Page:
Merry Christmas From Martin Luther

This is a wonderful story to tell about very great men and pillars of the churches. Paul is the only one who has his eyes open and sees the sin of Peter, Barnabas, and the other Jews, who were acting insincerely along with Peter. At the same time they do not see their own sin; in fact, they think they are doing well and are charitably deferring to the Jews who were weak in faith. And Paul does not cover up their sin; but he accuses Peter, Barnabas, and the others in no uncertain terms of failing to walk the proper way according to the truth of the Gospel, that is, of having swerved from the truth of the Gospel. It was a serious matter for Peter to be accused by Paul of falling and of swerving from the truth of the Gospel; there could be no graver reproach. Yet he bears it patiently and undoubtedly accepted it with real gratitude. I warned earlier that many have the Gospel but not the truth of the Gospel. Thus Paul says here that Peter, Barnabas, and the rest of the Jews did not walk properly according to the truth of the Gospel; that is, they had had the Gospel but had not walked in it properly. For although they were preaching the Gospel, still by their pretense, which could not stand with the truth of the Gospel, they were establishing the Law. But the establishment of the Law is the abrogation and overthrow of the Gospel.

Therefore whoever knows well how to distinguish the Gospel from the Law should give thanks to God and know that he is a real theologian. I admit that in the time of temptation I myself do not know how to do this as I should. The way to distinguish the one from the other is to locate the Gospel in heaven and the Law on earth, to call the righteousness of the Gospel heavenly and divine and the righteousness of the Law earthly and human, and to distinguish as sharply between the righteousness of the Gospel and that of the Law as God distinguishes between heaven and earth or between light and darkness or between day and night. Let the one be like the light and the day, and the other like the darkness and the night. If we could only put an even greater distance between them! Therefore if the issue is faith, heavenly righteousness, or conscience, let us leave the Law out of consideration altogether and let it remain on the earth. But if the issue is works, then let us light the lamp of works and of the righteousness of the Law in the night. So let the sun and the immense light of the Gospel and of grace shine in the day, and let the lamp of the Law shine in the night. These two must be distinguished in your mind in such a way that when your conscience is completely terrified by a sense of sin, you will think of yourself. “At the moment you are busy on earth. Here let the ass work, let him serve and carry the burden that has been laid upon him; that is, let the body and its members be subject to the Law.34 But when you ascend into heaven, leave the ass with his burdens on earth; for the conscience has no relation to the Law or to works or to earthly righteousness. Thus the ass remains in the valley; but the conscience ascends the mountain with Isaac, knowing absolutely nothing about the Law or its works but looking only to the forgiveness of sins and the pure righteousness offered and given in Christ.”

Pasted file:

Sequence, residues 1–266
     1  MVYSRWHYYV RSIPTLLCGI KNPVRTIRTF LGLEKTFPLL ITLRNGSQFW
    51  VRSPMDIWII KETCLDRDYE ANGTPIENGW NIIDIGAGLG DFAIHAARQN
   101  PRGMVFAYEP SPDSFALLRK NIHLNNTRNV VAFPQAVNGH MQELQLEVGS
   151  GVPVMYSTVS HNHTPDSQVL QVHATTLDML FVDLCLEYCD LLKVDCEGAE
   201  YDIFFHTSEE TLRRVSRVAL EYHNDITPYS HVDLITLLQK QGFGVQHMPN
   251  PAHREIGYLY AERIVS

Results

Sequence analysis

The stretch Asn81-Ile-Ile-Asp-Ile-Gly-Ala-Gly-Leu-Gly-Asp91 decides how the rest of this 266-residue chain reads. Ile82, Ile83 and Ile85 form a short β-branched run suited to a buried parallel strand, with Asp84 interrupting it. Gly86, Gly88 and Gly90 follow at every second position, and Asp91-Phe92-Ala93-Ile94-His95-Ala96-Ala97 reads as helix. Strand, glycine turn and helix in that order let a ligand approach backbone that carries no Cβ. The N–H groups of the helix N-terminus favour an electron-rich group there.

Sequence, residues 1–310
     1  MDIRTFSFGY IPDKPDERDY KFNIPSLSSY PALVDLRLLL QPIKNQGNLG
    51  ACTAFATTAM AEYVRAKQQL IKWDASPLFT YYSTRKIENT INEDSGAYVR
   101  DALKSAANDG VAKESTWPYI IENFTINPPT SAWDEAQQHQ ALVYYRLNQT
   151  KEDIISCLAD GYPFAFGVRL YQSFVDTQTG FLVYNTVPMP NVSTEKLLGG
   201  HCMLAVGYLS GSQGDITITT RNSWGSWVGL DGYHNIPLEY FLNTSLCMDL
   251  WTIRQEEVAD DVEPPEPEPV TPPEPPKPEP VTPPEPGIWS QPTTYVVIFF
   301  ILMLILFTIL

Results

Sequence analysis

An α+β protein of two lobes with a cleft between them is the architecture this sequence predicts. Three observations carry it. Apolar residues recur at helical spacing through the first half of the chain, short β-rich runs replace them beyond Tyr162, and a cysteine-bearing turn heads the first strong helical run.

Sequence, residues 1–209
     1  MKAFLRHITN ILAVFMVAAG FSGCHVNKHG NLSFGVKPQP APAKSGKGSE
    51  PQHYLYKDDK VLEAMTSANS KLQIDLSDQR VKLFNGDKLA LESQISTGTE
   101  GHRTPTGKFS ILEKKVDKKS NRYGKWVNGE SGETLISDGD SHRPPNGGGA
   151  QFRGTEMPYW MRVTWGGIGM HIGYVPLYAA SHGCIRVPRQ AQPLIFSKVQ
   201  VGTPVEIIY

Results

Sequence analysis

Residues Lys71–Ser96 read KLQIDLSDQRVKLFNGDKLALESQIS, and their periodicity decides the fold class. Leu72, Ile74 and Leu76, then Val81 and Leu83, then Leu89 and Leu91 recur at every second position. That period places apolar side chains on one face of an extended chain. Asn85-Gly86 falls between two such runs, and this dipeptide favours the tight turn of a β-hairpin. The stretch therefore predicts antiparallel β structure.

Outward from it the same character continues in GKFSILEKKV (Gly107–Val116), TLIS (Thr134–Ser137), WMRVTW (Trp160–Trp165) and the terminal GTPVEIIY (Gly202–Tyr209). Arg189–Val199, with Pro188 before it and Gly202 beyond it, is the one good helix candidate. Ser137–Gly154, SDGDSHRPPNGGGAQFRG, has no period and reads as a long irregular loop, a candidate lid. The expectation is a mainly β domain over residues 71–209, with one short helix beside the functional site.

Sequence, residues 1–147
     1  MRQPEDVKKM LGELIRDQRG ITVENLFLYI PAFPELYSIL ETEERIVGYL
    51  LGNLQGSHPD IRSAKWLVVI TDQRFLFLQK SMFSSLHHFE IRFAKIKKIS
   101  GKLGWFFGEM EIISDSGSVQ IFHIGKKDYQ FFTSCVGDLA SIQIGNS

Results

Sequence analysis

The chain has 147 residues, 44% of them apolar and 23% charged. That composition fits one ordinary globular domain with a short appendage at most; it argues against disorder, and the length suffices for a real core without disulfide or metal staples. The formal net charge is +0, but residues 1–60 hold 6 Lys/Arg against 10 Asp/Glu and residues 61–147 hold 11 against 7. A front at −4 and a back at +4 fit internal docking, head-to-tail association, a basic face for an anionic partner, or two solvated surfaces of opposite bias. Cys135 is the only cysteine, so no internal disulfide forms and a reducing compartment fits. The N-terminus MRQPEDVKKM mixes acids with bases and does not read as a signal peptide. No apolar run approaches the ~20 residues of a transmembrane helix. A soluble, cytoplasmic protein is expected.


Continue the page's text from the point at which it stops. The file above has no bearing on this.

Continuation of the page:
…Peter had confused this distinction between the Law and the Gospel, and thus he had persuaded the believers that they had to be justified by the Gospel and the Law together. This Paul refused to tolerate. Therefore he rebuked Peter. He did not want to put him to shame, but he wanted to separate these two very sharply again, namely, that the Law justifies on earth and the Gospel in heaven. But the pope has not only confused the Law with the Gospel; but he has changed the Gospel into mere laws, and ceremonial laws at that. He has also confused secular matters and church matters, which is really a satanic and infernal confusion.

Martin Luther | Luther’s Works, Vol. 26: Lectures on Galatians, 1535, Chapters 1-4, ed. Jaroslav Jan Pelikan, Hilton C. Oswald, and Helmut T. Lehmann, vol. 26 (Saint Louis: Concordia Publishing House, 1999), 115–17.


34 On this tropological use of Gen. 22:5 see also Luther’s Works, 23, p. 169, note 123.



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  1. Merry Christmas (Frohe Weinachten) from Martin Luther:

    Vom Himmel hoch, da komm’ ich her,
    ich bring’ euch gute neue Mär,
    der guten Mär bring’ ich soviel,
    davon ich sing’n und sagen will.

    Euch ist ein Kindlein heut geborn
    von einer Jungfrau auserkorn,
    ein Kindelein so zart und fein,
    das soll eur Freud und Wonne sein.

    Es ist der Herr Christ, unser Gott,
    der will euch führn aus aller Not,
    er will eur Heiland selber sein,
    von allen Sünden machen rein.

    Just three verses, but I coldn’t help thinking of this carol which Luther wrote for his own children.

  2. “I have not even accepted a dinner engagement for what they call ‘Christmas.’ I hate the whole business” Prof John Murray

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